Immigration advocates rallied Tuesday for passage of a state bill that would limit the power of federal agents to make courthouse arrests in New York.
Dozens of immigration lawyers and activists, chanting “ICE-free courts” and “No Warrant, No ICE,” gathered to announce the Protect Our Courts Act, sponsored by Assemblywoman Michaelle Solages. The bill seeks to protect immigrants inside New York courthouses, including those on their way to and from courts, from plainclothes Immigration and Customs Enforcement agents.
“Imagine you are wrongfully arrested and charged, you are shackled, fingerprinted, brought before a judge and told to come back to court,” Anthony Posada, attorney with the Legal Aid Society, said outside Manhattan Supreme Court at 60 Centre St. “And you do come back to court. Because that’s what we want people to do, to come back and have justice. But instead they encounter ICE agents who are dressed as plainclothes civilians ready to arrest you.”
This practice instills apprehension within immigrants to participate in the judicial system, which in turn has a “chilling effect,” bill sponsor Solages said in an emailed statement released by the Immigrant Defense Project, an advocacy nonprofit that co-organized the rally with the assemblywoman’s office.
Currently, ICE officials are required to produce either a judicial or a civil administrative warrant while making their intention to arrest an immigrant known to court officials, Lucian Chalfen, spokesman for the Office of Court Administration, said, adding that the OCA was unaware of the proposed legislation and will study its provisions.
The civil warrant is usually approved by ICE officials themselves, and is not required to be granted by a federal judge, Andrew Wachtenheim, supervising attorney with the Immigrant Defense Project, said after the rally. In many cases, ICE officials don’t even show the civil warrant to court officials, he added.
Solages’ legislation, which the Immigrant Defense Project touted as a “first-of-its-kind nationally,” would require ICE agents to present a judicial warrant or a court order approved by a judge for all arrests, including those made for civil violations.
“We need to have a court system that encourages [immigrants] to come forward rather than throw them in the shadows,” Manhattan District Attorney Cyrus Vance said during the rally, pledging his support for the bill and promising to “do all we can in Manhattan” to work with immigration advocates.
Upholding the legislation’s purpose to ensure due process for all immigrants, Councilman Carlos Menchaca (D-Brooklyn) took issue with Mayor Bill de Blasio’s policy of excluding immigrants who have been convicted of one or more of a list of 170 crimes from qualifying for legal representation. The policy was first floated in budget talks in June 2017, when de Blasio allocated $16.4 million in his executive budget to provide undocumented immigrants legal help, Politico reported. The proposal was only for those immigrants who had not committed “deportable offenses,” the Politico report adds.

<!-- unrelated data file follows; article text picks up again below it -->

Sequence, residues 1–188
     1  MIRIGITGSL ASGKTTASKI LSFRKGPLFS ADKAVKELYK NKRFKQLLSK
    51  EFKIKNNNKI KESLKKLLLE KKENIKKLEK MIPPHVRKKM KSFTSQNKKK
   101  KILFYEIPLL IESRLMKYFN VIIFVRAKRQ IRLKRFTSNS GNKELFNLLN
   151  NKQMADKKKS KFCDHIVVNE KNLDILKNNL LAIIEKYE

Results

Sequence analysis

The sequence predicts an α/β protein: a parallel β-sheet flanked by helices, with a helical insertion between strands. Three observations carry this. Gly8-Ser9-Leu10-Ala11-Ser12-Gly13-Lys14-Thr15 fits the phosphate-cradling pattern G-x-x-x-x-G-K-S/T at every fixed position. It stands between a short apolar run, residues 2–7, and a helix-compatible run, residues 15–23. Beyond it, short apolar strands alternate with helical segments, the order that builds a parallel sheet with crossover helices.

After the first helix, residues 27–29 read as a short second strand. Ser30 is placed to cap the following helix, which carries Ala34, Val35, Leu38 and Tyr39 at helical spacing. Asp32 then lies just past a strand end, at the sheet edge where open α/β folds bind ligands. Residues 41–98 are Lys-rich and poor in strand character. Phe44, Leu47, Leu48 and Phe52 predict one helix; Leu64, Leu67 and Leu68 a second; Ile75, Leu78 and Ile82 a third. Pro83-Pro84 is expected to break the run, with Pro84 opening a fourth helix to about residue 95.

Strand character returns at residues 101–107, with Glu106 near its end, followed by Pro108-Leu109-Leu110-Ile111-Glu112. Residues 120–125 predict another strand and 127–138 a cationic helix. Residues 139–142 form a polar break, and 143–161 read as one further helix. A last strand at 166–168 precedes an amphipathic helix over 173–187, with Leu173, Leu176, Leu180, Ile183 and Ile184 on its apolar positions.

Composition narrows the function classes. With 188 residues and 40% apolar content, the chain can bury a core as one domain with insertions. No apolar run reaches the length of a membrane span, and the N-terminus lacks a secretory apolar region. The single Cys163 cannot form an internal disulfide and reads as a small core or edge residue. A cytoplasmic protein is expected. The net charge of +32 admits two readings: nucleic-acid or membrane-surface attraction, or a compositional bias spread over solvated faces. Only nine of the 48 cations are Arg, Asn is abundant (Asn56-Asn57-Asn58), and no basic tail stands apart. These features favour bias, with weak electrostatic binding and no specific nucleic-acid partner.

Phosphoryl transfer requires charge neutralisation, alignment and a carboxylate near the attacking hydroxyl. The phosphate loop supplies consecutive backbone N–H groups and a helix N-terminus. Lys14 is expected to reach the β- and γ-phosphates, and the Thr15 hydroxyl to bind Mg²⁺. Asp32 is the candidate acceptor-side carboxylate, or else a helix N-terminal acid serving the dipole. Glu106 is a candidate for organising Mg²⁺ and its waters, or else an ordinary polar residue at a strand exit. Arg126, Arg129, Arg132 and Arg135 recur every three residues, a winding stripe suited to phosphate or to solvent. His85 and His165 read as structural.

“[De Blasio’s policy] is really disrupting our due process for all New Yorkers,” Menchaca said after the rally, calling the administration’s policy akin to President Trump’s. “Now we are seeing the real impact on the ground with organizations who are having to screen people and ask ‘do you have a criminal conviction’? It sends the wrong message to those who are looking for that leadership.”
At the state level, Gov. Andrew Cuomo addressed the issue in an executive order on April 25, wherein he required federal immigration authorities to present a judicial warrant or court order for arrests inside state-run buildings. He also accompanied the order with a cease-and-desist letter to ICE, denouncing their enforcement tactics and asking them to stop making “reckless arrests.” Cuomo threatened to sue ICE to “protect the rights and safety of all New Yorkers,” the letter reads.
The Immigrant Defense Project recorded a 1,200 percent jump in courthouse arrests and attempted arrests in New York State from 2016 to 2017, with reported incidents increasing from 11 in 2016 to 144 in 2017. Ninety-seven of those were carried out in New York City, according to the defense project report.
These numbers have a detrimental impact on immigrants and their participation in the judicial system, according to a report released by the American Civil Liberties Union on May 3 titled “Freezing Out Justice: How Immigration Arrests at Courthouses Are Undermining the Justice System.”
ICE tactics have had a chilling effect on immigrants, where fear of immigration officials has caused “deep insecurities” and “fear” among immigrant communities and deterred them from calling the police and going to court, the ACLU report finds.
The federal agency, on the other hand, has argued that making courthouse arrests is one of the safest and most efficient ways to carry out their enforcement duties, since New York City’s “sanctuary” policies prevent city-run agencies from cooperating with ICE officials and honoring their requests to detain immigrants.
From October 2016 to September 2017, ICE requested 1,023 immigrations detainers from the NYPD, none of which the city honored.
ICE subsequently released the results of a three-month review of approximately 440 detainers they say the NYPD and New York’s Department of Corrections ignored from January to mid-April 2018. The agency alleges that nearly 40 of those “criminal aliens” reoffended and were arrested by local law enforcement officials again. New York’s policies “force our officers to conduct more enforcement in the community — which poses increased risks for law enforcement and the public,” ICE said in a statement released on June 1.
Immigration advocates, however, have only one question: “Is it too much to ask to have our day in court?”